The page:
During the recession, the old-fashioned concept of layaway came roaring back to life. Now it even has an online twist
Sites such as eLayway.com and Lay-Away.com serve as the middlemen between major retailers and consumers, providing a layaway option that retailers themselves might not offer.
When the economy plummeted, eLayway founder Sergio Pinon saw “overall desperation” as card issuers cut balance limits or canceled cards, so consumers didn’t have a way to buy things they needed, and merchants saw their customer base slipping away.
By offering online layaway for retailers such as Best Buy and Jo-Ann Fabric and Craft Stores, consumers are able to buy merchandise without running up their credit card debt further, while practicing budgeting for the things they desire.
“It’s a terrific budgeting tool and a great way to avoid debt,” says Barbara Stark, director of education and community development for the nonprofit American Debt Counseling Inc.
When Robert Holland launched Lay-Away.com in 2002, he realized “regardless of the economy, there will always be consumers who are a little savings-challenged.” While it might be hard for a consumer to save up $500 for a new TV, paying $25 a week for that TV “is not a big deal,” Holland says.
See related: 10 questions to ask about layaway plans
How online layaway works
Both Lay-Away.com and eLayaway.com are similar in that customers select their products, then check out like they would with an online retailer such as Amazon.com. But instead of charging the item to a credit card, shoppers decide how many payments to make, and at what amount. eLayaway debits customers’ bank accounts, while Lay-Away.com also allows payment by check or money order. Once the item is paid off, it’s shipped within a few days.
Lay-Away.com receives a commission from retailers and consumers don’t pay any service fees, while eLayaway.com charges consumers a fee of 1.9 percent to 3 percent on each transaction, which is far lower than typical credit card interest rates.
Part of the problem Pinon had to overcome were stereotypes about layaway that exist among some age groups. “The newer generation has no negative stigma about what layaway was. They had no idea what it was.”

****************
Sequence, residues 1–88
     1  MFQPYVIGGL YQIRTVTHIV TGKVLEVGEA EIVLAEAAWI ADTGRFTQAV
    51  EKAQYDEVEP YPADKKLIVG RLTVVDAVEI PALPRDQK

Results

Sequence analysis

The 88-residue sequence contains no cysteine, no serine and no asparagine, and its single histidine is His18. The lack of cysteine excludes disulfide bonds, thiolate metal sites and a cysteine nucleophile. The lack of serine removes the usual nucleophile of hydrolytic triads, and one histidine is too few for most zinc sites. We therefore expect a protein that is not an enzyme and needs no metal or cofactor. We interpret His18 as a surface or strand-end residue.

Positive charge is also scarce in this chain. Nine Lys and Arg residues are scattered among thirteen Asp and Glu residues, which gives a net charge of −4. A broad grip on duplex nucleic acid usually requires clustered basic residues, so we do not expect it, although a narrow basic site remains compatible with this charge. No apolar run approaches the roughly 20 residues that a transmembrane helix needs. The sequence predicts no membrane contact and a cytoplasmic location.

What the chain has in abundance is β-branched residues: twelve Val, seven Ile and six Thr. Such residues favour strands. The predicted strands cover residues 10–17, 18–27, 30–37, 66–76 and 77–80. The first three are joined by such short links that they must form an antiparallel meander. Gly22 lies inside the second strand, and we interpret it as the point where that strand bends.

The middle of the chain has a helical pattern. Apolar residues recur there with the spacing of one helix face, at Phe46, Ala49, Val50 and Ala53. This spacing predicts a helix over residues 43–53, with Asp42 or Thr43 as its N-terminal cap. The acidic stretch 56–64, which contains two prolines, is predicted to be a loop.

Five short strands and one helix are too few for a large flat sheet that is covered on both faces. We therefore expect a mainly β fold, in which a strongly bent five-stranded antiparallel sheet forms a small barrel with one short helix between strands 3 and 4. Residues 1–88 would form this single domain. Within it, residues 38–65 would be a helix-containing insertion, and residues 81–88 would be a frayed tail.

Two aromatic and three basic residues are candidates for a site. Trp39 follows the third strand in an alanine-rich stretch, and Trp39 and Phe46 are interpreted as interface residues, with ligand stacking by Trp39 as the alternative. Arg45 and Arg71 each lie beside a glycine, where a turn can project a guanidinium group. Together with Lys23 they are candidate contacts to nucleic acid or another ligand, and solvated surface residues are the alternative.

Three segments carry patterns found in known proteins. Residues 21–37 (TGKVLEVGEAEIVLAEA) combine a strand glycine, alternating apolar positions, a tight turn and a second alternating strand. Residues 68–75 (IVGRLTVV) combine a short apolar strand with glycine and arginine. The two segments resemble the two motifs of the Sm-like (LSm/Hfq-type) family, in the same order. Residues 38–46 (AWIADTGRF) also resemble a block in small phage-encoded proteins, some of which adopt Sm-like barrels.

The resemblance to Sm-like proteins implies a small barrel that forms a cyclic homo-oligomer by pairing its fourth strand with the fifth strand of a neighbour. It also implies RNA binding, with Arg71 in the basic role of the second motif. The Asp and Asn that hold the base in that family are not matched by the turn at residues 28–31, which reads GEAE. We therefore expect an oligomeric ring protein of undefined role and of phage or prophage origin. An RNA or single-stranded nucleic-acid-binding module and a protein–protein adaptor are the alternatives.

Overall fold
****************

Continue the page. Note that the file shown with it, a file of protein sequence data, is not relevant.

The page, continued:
The older generation had used it in the past and had no problem picking it up again.
But those in between either thought of layaway as something for “poor people,” or thought, “We had credit cards. Why would we use layaway?” Pinon says.
Now he’s finding that layaway use bridges all ages and incomes. eLayaway has more than 100,000 customers and and those least likely to use the service earn less than $30,000 a year. Nearly 10 percent earn more than $100,000 annually, he says.
Big box stores re-embrace layaway
No doubt, it doesn’t hurt that retailers such as Sears and Kmart have revived layaway and offer online layaway for some products. Other retailers, such as Toys R Us and Burlington Coat Factory, offer layaway service in their stores.
And some unexpected merchandise can be bought on layaway. A number of travel agencies offer cruises and vacation packages, and sports fans can purchase season tickets for a handful of teams on eLayaway.com.
Dawn Hodges of Beaumont, Texas, used an online layaway service to buy an Xbox 360 for $399 for her now-husband who was “fiending for a gaming system,” but says she has “mixed feelings about the experience.”
While the transaction went smoothly, she was disappointed by the sales tax and shipping charges she had to pay, and that the Xbox was delivered in an Amazon.com box, so she believes the layaway provider purchased it at a lower price than what she paid.
“I would recommend using the site if you really have no other option,” Hodges says. In hindsight, however, she recommends saving up for products, “especially with electronics, since the technology is updated so frequently,” and prices are discounted as new models are introduced.
Stark recommends checking with online layaway companies to see if they match prices if a retailer discounts items over the course of the layaway period.
She also suggests that customers check for service and transaction fees, and see how they stack up against their credit cards. “Compare all the financial tools you have,” she says.
Bill Moak, president of the Better Business Bureau Mississippi, says consumers need to do their due diligence about a company before agreeing to purchase a product through online layaway, just as they would with any retailer.
“We don’t know yet, since it’s a new industry, how well they’re policing themselves,” but so far, complaints have been few, Moak says.
He recommends checking the BBB website to read reviews of companies and to make sure that any transaction is done through a secure server.
And as with any kind of transaction, he tells consumers to read the fine print of the purchase agreement, and check for refund and cancellation options.
If shoppers do their due diligence about a company, online layaway can be an effective way to purchase the products they want without running up debt.
“It’s not just for people who can’t afford to make a purchase,” Stark says. “It’s for people who really want to manage their money.”